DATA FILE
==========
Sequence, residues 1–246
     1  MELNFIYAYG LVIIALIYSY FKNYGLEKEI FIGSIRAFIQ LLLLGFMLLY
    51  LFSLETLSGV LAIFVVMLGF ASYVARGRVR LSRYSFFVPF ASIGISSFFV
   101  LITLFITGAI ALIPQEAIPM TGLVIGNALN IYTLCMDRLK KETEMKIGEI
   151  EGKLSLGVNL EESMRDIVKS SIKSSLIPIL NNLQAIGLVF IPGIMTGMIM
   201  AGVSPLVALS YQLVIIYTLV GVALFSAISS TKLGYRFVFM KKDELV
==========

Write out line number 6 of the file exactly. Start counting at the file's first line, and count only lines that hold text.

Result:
   201  AGVSPLVALS YQLVIIYTLV GVALFSAISS TKLGYRFVFM KKDELV